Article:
This will open up the tool that will allow us to customise the installation. You’ll be prompt to select the version of the application you want to customise and then you’ll be good to start using the Microsoft Office Customization Tool.

Microsoft_Office_Customization_Tool_Select_Lync_Installation

What I generally modify is the Organization name under Install location and organization name.

Microsoft_Office_Customization_Tool_OrganizationName

This is the most important part which will allow Lync to be installed silently. Firstly choose whether you’re going to use a KMS server or just type the product key in. Secondly, you want to accept the terms and conditions and finally select None as Display Level (or just make sure the Suppress modal is selected).

Microsoft_Office_Customization_Tool_KMS-AcceptTerms-Suppress

(more…)

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Install Wake on LAN on a NAS

I have a couple of NAS boxes and I wanted to install a Wake on LAN application on one of them so that I could turn my devices connected to the LAN through one of them. The main reason why I wanted to do this is because my home router doesn’t support Wake on WAN (so it’s not able to translate the initial request and broadcast it).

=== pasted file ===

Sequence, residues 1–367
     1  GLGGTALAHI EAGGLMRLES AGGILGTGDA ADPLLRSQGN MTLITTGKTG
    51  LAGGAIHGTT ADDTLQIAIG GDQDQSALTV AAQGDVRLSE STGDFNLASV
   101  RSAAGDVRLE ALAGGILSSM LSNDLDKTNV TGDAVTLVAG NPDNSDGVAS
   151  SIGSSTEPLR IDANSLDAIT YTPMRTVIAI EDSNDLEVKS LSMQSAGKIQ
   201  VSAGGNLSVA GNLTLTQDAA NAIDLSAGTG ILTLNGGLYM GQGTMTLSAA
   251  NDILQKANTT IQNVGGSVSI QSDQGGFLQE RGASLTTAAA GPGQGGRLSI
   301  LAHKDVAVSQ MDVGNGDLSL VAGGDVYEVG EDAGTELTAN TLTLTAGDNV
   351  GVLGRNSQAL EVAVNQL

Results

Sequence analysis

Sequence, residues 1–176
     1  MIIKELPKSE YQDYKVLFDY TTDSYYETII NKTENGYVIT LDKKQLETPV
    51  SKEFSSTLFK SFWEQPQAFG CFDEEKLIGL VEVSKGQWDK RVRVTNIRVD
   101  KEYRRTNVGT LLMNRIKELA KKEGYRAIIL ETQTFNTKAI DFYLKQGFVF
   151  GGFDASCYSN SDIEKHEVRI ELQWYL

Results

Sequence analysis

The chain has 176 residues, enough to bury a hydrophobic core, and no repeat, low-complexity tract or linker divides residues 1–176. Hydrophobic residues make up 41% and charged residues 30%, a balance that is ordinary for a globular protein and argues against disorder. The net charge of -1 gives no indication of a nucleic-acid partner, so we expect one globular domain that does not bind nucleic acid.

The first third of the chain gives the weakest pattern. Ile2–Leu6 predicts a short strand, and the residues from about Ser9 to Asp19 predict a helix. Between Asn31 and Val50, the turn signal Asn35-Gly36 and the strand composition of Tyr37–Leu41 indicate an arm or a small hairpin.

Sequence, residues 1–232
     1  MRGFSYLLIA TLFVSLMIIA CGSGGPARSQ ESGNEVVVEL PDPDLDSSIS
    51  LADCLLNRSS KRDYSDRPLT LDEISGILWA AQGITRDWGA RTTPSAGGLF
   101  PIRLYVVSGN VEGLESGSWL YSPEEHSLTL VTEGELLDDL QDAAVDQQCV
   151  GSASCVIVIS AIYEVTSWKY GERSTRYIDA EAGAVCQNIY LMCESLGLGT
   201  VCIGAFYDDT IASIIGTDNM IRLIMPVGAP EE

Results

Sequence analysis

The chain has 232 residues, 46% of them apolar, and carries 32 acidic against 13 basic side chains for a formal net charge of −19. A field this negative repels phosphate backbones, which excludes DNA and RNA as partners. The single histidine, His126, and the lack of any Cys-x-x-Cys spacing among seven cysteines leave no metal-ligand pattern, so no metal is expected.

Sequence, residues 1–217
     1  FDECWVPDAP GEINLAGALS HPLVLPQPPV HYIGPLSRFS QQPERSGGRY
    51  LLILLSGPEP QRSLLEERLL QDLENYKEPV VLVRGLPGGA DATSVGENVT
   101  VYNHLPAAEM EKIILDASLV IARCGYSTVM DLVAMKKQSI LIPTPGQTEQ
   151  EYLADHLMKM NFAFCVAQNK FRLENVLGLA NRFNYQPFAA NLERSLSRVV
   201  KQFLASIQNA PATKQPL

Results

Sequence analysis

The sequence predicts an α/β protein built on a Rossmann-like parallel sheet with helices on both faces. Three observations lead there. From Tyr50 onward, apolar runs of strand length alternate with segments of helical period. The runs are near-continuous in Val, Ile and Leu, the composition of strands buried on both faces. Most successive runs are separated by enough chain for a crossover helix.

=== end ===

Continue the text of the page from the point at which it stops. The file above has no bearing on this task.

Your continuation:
Since the NAS is always connected to the network, I can use it to turn on my home computer for instance: that’ll allow me to turn it on only when I need it.

The NAS

In my specific case I decided to install it on a Iomega IX4-200D. I believe the procedure applies to other NAS devices with just little changes. The reason why I chose this NAS is because I do have a way to get the firmware back to it even when I replace all of the Hard Drives (as it happened once already!). I’ll look at writing a procedure for that whenever I have the chance.

Step by Step instructions to Install Wake on LAN on a NAS

I will try to be as much specific as possible. Be aware that I am not responsible in case you brick your own device.

  • Enable SSH if it’s still disabled. You can follow my article that describes how to enable SSH on an Iomega/Lenovo device.
  • Connect via SSH to the NAS box. On the link I posted above, it also tells you how to login on an Iomega device.
  • Backup /etc/ipkg.conf (if it exists).
    • You can backup this file using the following command:
  • Delete any existing entry in this file, or just remove the file itself by typing:
  • Add these lines one by one:

    • If you need to delete a line, press ESC (enter command mode), then select the line you want to delete with the arrow keys and then type dd.
    • Save the file by pressing ESC to enter command mode and type

      to exit and save the changes. If you want to exit and discard the changes, type :q!
    • If you need to return in insert mode press i followed by an Enter.
  • NAS boxes generally have an embedded OS which means they have a read only file system. So we have to use ipkg-opt to get rid of this. Run the commands below:

    • It might complain that the command isn’t recognised. In that case, try to type ipkg update.
    • Running ipkg update will give you the below result
      IX4-200D ipkg update
    • Run ipkg install ipkg-opt again
      IX4-200D ipkg install ipkg-opt
  • Run this:
  • Now backup ld.so.conf and then edit it in vi.
  • Append the line below.
    • /opt/lib/
  • Close the SSH connection. This step is very important. (more…)